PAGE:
A Context-aware Patient Safety System for the Operating Room


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This is the presentation of the paper entitled "A Context-aware Patient Safety System for the Operating Room" by Jakob E. Bardram and Niels Nørskov. Presented at UbiComp September 2008 in Seoul, Korea.

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  • A Context-aware Patient Safety System for the Operating Room

    1. 1. A Context-aware Patient Safety System for the Operating Room Jakob E. Bardram & Niels Nørskov
    2. 2. Patient Safety <ul><li>Institute of Medicine: “To err is Human” </li></ul><ul><ul><li>9% adverse events, 40% related to ‘errors’, 60% to complications </li></ul></ul><ul><ul><li>Danish studies confirm this </li></ul></ul><ul><li>Utah and Colorado </li></ul><ul><ul><li>Operative adverse events comprised 44.9% of all adverse events </li></ul></ul><ul><li>Joint Commission (JCAHO protocol) </li></ul><ul><ul><li>Universal Protocol for Preventing Wrong Site, Wrong Procedure, Wrong Person Surgery (the 3Ws) </li></ul></ul><ul><li>Danish Recommendation </li></ul><ul><ul><li>Improve communication and coordination </li></ul></ul><ul><ul><li>Improve patient identification </li></ul></ul><ul><ul><li>… </li></ul></ul><ul><li>Source : </li></ul><ul><li>Institute of Medicine </li></ul><ul><li>E J Thomas et al (2000). Incidence and types of adverse events and negligent care in Utah and Colorado. Med. Care., vol. 38, no. 3. </li></ul>
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    4. 4. A Context-aware Patient Safety System <ul><li>Context-awareness </li></ul><ul><ul><li>RFID sensor input + other input </li></ul></ul><ul><ul><li>Based on the Java Context-Awareness Framework (JCAF) </li></ul></ul><ul><ul><li>Extended with reasoning engine (JESS) </li></ul></ul><ul><li>Features </li></ul><ul><ul><li>Presenting relevant information during operation </li></ul></ul><ul><ul><ul><li>PACS, EPR, Operation data </li></ul></ul></ul><ul><ul><li>Monitors progress and fire warnings </li></ul></ul><ul><ul><ul><li>Patient, Team, Blood, Patient Status, Equipment, … </li></ul></ul></ul><ul><li>Clinical Proof-of-Concept </li></ul><ul><ul><li>Full functioning prototype </li></ul></ul><ul><ul><li>Deployed inside one OR with a full surgical team </li></ul></ul><ul><ul><li>Used during one day (no real patients, however) </li></ul></ul><ul><ul><li>Qualitative evaluation </li></ul></ul>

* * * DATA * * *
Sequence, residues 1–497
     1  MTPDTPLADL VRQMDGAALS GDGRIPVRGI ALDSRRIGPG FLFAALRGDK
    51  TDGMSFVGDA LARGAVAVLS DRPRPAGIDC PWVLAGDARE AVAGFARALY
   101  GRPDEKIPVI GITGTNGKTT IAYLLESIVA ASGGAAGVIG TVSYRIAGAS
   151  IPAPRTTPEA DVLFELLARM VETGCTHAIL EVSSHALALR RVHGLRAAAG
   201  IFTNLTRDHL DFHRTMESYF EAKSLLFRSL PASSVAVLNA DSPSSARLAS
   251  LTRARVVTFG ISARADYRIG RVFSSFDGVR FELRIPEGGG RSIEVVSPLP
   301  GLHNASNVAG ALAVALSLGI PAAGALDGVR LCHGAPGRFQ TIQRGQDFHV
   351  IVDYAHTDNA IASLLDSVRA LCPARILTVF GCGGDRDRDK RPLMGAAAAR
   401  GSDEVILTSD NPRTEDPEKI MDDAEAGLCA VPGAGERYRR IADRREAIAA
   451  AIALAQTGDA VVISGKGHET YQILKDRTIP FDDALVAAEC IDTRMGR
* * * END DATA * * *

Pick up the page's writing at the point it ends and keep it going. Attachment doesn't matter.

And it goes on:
5. 5. Related Work <ul><li>Research on Context-aware Hospital Systems </li></ul><ul><ul><li>AwareMedia & AwarePhone </li></ul></ul><ul><ul><li>Context-aware Communication (Video + Messaging) </li></ul></ul><ul><li>Systems inside the Operating Room (OR) </li></ul><ul><ul><li>Context-Aware Peri-operative Information System </li></ul></ul><ul><ul><li>OR Dashboard </li></ul></ul><ul><ul><li>Automatically building the Electronic Medical Record (EMR) </li></ul></ul><ul><ul><li>Logging of events (including staff and patient entrance) </li></ul></ul><ul><li>Commercial Systems </li></ul><ul><ul><li>GE Captus process monitoring system </li></ul></ul><ul><ul><li>SurgiChip – explicit support for the JCAHO protocol </li></ul></ul><ul><ul><li>Focus on specific context information, location or id of the patient </li></ul></ul>
    6. 6. CAPSIS – A Context Aware Patient Safety and Information System
    7. 7. Research Methods <ul><li>A user-centered design process (~10 clinicians) </li></ul><ul><ul><li>observational studies </li></ul></ul><ul><ul><li>workshops w. surgeons, anesthesiologists, nurses, operation technicians, and hospital managers </li></ul></ul><ul><ul><li>prototyping </li></ul></ul><ul><li>… combined w. litterature and adverse event studies </li></ul>Future Workshop Paper Mock-ups Prototype
    8. 8. Design Principles <ul><li>Promptly identify safety hazards in the OR </li></ul><ul><li>Meet best-practice standards of patient safety in the OR (e.g. the JCAHO protocol) </li></ul><ul><li>Should augment – rather than automate – current patient safety procedures </li></ul><ul><li>Both help in finding and displaying relevant information during surgery, and issue warnings when a potentially dangerous situation is detected. </li></ul><ul><li>Sensing and reasoning accuracy should be high because of the safety-critical nature of the system </li></ul><ul><li>Should remain unobtrusive and require as little user feedback as possible. </li></ul>